leaving streaks or lint behind—

“Yes. Alarmingly so.”

St. Clair wanders around, picking up things and examining them like I did in Meredith’s room. He inspects the col ection of banana and elephant

figurines lined up on my dresser. He holds up a glass elephant and raises his dark eyebrows in question.

“It’s my nickname.”

“Elephant?” He shakes his head. “Sorry, I don’t see it.”

“Anna Oliphant. ‘Banana Elephant . ’ My friend col ects those for me, and I col ect toy bridges and sandwiches for her. Her name is Bridgette

Saunderwick,” I add.

St. Clair sets down the glass elephant and wanders to my desk. “So can anyone cal you Elephant?”

“Banana Elephant. And no. Definitely not.”


“I’m sorry,” he says. “But not for that.”

“What? Why?”

“You’re fixing everything I set down.” He nods at my hands, which are readjusting the elephant. “It wasn’t polite of me to come in and start touching your things.”

“Oh, it’s okay,” I say quickly, letting go of the figurine. “You can touch anything of mine you want.”

He freezes. A funny look runs across his face before I realize what I’ve said. I didn’t mean it like that.

Not that that would be so bad.

But I like Toph, and St. Clair has a girlfriend. And even if the situation were different, Mer stil has dibs. I’d never do that to her after how nice she was my first day. And my second. And every other day this week.

Besides, he’s just an attractive boy. Nothing to get worked up over. I mean, the streets of Europe are fil ed with beautiful guys, right? Guys with

grooming regimens and proper haircuts and stylish coats. Not that I’ve seen anyone even remotely as good-looking as Monsieur Étienne St. Clair. But

stil .

He turns his face away from mine. Is it my imagination, or does he look embarrassed? But why would he be embarrassed? I’m the one with the idiotic


“Is that your boyfriend?” He points to my laptop’s wal paper, a photo of my coworkers and me goofing around. It was taken before the midnight release

of the latest fantasy-novel-to-film adaptation. Most of us were dressed like elves or wizards. “The one with his eyes closed?”

“WHAT?” He thinks I’d date a guy like Hercules? Hercules is an assistant manager. He’s ten years older than me and, yes, that’s his real name. And even though he’s sweet and knows more about Japanese horror films than anyone, he also has a ponytail.

A ponytail.

“Anna, I’m kidding. This one. Sideburns.” He points to Toph, the reason I love the picture so much. Our heads are turned into each other, and we’re

wearing secret smiles, as if sharing a private joke.

“Oh. Uh . . . no. Not real y. I mean, Toph was my almost-boyfriend. I moved away before ...” I trail off, uncomfortable. “Before much could happen.”

St. Clair doesn’t respond. After an awkward silence, he puts his hands in his pockets and rocks back on his heels. “Provide for all.”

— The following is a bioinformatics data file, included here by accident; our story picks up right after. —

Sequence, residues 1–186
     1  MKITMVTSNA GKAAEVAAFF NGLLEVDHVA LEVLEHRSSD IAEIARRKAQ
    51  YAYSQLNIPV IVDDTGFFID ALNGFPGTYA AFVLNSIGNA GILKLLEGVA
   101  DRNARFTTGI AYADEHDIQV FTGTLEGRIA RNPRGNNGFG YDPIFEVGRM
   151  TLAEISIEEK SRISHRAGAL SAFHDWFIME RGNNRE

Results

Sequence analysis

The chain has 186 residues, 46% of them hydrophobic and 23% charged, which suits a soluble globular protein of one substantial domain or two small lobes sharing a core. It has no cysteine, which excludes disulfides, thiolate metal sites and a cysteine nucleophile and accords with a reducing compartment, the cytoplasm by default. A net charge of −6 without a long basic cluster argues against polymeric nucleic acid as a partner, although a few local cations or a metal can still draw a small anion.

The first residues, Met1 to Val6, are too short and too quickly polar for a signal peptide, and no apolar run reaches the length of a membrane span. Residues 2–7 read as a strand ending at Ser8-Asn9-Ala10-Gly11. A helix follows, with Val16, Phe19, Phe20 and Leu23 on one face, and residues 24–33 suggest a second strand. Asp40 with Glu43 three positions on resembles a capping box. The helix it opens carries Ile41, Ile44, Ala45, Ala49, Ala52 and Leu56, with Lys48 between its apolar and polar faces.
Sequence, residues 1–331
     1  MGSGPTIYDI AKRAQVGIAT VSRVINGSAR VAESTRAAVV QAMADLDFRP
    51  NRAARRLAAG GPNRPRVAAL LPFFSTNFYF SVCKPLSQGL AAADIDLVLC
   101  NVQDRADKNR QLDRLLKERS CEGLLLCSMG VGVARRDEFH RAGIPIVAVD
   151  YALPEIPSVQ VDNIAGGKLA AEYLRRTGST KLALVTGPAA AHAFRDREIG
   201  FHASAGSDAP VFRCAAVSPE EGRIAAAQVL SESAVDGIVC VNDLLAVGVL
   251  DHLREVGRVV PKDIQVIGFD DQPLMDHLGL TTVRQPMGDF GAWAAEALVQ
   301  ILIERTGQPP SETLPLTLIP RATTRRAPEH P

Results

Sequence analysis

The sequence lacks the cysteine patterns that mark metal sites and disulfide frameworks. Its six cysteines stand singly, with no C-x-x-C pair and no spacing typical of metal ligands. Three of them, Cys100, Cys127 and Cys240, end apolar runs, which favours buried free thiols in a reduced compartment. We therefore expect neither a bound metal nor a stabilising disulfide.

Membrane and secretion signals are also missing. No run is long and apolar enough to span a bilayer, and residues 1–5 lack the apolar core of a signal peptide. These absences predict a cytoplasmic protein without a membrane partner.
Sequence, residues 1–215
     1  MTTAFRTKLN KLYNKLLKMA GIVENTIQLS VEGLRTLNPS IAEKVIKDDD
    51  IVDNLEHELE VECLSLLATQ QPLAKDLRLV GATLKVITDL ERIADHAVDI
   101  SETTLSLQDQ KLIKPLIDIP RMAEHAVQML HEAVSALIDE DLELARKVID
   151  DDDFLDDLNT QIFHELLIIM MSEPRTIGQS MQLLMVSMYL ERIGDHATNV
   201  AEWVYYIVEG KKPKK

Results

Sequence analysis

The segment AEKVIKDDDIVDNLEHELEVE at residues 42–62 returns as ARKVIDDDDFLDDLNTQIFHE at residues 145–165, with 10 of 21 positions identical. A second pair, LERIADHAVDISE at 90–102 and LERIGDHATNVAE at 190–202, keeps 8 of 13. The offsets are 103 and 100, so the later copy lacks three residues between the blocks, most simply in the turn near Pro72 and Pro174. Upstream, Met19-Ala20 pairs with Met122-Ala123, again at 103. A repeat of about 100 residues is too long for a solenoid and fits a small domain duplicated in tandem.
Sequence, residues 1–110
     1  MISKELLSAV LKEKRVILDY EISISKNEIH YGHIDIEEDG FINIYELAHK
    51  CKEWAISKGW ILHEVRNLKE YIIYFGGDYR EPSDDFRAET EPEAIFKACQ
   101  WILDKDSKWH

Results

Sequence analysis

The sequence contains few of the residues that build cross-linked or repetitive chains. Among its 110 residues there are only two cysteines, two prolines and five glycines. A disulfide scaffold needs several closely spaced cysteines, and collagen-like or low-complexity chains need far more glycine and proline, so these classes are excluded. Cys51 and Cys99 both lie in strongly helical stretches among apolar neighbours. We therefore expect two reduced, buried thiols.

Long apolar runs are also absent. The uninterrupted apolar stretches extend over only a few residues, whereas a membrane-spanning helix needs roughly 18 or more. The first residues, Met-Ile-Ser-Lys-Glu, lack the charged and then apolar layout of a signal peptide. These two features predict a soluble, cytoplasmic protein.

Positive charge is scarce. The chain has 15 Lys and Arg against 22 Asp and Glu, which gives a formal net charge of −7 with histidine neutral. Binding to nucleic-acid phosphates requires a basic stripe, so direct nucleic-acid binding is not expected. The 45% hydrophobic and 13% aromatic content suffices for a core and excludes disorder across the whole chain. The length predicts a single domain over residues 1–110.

“What?” I’m startled.

“Tout pourvoir. ” He nods at a pil ow on my bed.The words are embroidered above a picture of a unicorn. It was a gift from my grandparents, and the motto and crest are for the Oliphant clan. A long time ago, my grandfather moved to America to marry my grandmother, but he’s stil devoted to all things Scottish. He’s always buying Seany and me things decorated with the clan tartan (blue-and-green-checkered, with black and white lines). For instance,

my bedspread.

“Yeah, I know that’s what it means. But how did you know?”

“Tout pourvoir. It’s French.”

Excel ent. The Oliphant clan motto, dril ed into my head since infancy, turns out to be in FRENCH, and I didn’t even know it. Thanks, Granddad. As if I

didn’t already look like a moron. But how was I supposed to know a Scottish motto would be in French? I thought they hated France. Or is that just the


Argh, I don’t know. I always assumed it was in Latin or some other dead language.

“Your brother?” St. Clair points above my bed to the only picture I’ve hung up. Seany is grinning at the camera and pointing at one of my mother’s

research turtles, which is lifting its neck and threatening to take away his finger. Mom is doing a study on the lifetime reproductive habits of snapping turtles and visits her brood in the Chattahoochee River several times a month. My brother loves to go with her, while I prefer the safety of our home.

Snapping turtles are mean.

“Yep. That’s Sean.”

“That’s a little Irish for a family with tartan bedspreads.”

I smile. “It’s kind of a sore spot. My mom loved the name, but Granddad—my father’s father—practical y died when he heard it. He was rooting for

Malcolm or Ewan or Dougal instead.”

St. Clair laughs. “How old is he?”

“Seven. He’s in the second grade.”

“That’s a big age difference.”

“Wel , he was either an accident or a last-ditch effort to save a failing marriage. I’ve never had the nerve to ask which.”

Wow. I can’t believe I just blurted that out.

He sits down on the edge of my bed. “Your parents are divorced?”

I hover by my desk chair, because I can’t sit next to him on the bed. Maybe when I’m used to his presence, I might be able to manage that particular

feat. But not yet. “Yeah. My dad left six months after Sean was born.”

“I’m sorry.” And I can tell he means it. “Mine are separated.”

I shiver and tuck my hands underneath my arms. “Then I’m sorry, too. That sucks.”

“It’s all right. My father’s a bastard.”

“So is mine. I mean, obviously he is, if he left us when Seany was a baby. Which he total y did. But it’s also his fault I’m stuck here. In Paris.”

“I know.”

He does?

“Mer told me. But I guarantee you that my father is worse. Unfortunately, he’s the one here in Paris, while my mum is alone, thousands of miles away.”

“Your dad lives here?” I’m surprised. I know his dad is French, but I can’t imagine someone sending their child to boarding school when they live in the

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